While I think such a connection is a bit extreme, it does put attention (and funding) into the right place: if you can’t persuade society that there are massive education gaps between neighborhoods and communities based on socioeconomic status, then position yourself in such a way that the only reasonable solution to large societal problems is by ensuring strong literacy skills in those particular neighborhoods that need those additional resources. That is, Jumpstart can, by its logic, address a social crisis and offer a solution. Before diving into that solution, though, Jumpstart’s website explores the larger benefits that providing literacy education will provide: “higher high school graduation rates and academic achievement; lower rates of crime, teen pregnancy, and public assistance dependency; and higher levels of lifetime workforce productivity.” Jumpstart is, in other words, “A Smart Investment”:  “Every dollar invested in early childhood education produces a return on investment of 10%. Investing in early education benefits society as a whole.”

By marketing itself to produce societal results (rather than foster individual children’s success), this particular segment of Jumpstart’s position addresses its potential impact on a broad scale. But how much can and does Jumpstart really accomplish? How can it be effective within other limiting factors like funding, politics, boundaries getting the program into schools at all, resistance within schools, etc? If nothing else, Jumpstart, through the generally-endorsed program of literacy development and its immense impact on the individual lives of children and Corps members, points us to important social boundaries and issues which need to be addressed before literacy programs (and through them, a leveling of class and socioeconomic inequalities) can be successful.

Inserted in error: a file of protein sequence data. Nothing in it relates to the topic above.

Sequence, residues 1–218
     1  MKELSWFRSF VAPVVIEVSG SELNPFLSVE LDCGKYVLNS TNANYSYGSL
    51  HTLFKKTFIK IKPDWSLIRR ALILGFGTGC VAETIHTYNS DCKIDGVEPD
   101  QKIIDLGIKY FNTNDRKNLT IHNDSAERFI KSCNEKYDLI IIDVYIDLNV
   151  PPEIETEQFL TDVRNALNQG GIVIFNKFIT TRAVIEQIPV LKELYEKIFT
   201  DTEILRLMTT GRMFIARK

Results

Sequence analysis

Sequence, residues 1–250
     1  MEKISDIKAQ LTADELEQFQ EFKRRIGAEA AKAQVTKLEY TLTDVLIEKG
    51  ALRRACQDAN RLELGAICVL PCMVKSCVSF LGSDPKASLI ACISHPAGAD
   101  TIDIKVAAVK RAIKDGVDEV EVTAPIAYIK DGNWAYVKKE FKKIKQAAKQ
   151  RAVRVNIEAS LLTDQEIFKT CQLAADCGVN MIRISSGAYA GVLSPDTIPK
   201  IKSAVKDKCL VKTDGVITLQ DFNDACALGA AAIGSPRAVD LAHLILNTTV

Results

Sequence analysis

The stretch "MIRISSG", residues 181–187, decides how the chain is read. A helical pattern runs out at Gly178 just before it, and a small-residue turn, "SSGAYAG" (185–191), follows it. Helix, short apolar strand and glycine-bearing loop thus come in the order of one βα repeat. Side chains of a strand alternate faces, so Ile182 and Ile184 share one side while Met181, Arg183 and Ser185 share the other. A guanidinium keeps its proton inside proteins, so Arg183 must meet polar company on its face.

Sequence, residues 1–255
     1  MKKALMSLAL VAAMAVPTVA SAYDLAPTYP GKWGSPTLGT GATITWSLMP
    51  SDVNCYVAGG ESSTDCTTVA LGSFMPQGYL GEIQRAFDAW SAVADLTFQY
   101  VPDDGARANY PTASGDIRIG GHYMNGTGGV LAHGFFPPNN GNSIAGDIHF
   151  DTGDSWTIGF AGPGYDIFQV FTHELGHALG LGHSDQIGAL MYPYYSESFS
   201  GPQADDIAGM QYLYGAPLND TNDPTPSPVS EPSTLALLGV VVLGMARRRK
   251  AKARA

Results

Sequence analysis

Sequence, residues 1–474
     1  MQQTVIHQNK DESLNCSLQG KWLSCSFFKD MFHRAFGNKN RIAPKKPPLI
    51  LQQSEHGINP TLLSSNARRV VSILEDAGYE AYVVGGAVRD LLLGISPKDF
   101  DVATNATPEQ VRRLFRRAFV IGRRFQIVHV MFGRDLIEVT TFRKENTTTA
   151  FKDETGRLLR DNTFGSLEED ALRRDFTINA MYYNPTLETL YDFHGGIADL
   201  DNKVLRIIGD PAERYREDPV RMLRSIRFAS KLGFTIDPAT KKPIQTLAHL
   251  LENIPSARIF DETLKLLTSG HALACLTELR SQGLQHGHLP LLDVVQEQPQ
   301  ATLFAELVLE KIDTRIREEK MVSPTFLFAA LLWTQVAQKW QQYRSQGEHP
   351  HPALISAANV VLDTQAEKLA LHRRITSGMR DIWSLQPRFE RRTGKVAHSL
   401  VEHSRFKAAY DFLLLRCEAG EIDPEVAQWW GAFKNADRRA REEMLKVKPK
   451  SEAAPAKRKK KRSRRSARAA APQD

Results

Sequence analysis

For the next few posts, I will examine Jumpstart’s proposed solution, my own experiences in the classroom and the daily impact I see, and what is at stake in developing literacy skills for the organization, for Corps members, for children, and for communities.